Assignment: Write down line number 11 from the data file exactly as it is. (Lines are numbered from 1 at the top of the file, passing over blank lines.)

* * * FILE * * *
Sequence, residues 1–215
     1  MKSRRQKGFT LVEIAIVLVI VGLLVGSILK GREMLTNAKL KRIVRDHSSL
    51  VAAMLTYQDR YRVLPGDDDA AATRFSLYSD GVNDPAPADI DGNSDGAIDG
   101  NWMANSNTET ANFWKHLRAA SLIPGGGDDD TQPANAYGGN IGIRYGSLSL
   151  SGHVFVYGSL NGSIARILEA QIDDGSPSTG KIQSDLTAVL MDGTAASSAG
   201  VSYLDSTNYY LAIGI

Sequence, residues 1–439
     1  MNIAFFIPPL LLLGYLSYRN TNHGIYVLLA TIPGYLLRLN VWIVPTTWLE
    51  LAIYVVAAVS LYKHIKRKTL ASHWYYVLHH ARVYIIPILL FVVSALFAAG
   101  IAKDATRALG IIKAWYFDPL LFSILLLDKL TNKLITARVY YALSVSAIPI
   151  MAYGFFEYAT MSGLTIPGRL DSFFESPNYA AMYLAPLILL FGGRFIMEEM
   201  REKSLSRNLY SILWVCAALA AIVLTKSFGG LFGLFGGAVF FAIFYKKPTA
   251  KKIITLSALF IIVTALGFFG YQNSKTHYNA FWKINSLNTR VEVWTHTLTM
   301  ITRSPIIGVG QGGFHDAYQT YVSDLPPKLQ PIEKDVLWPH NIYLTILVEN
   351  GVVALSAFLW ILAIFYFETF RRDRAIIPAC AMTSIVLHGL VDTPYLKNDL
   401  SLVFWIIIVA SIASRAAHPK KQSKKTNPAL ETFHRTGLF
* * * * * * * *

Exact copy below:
   151  MAYGFFEYAT MSGLTIPGRL DSFFESPNYA AMYLAPLILL FGGRFIMEEM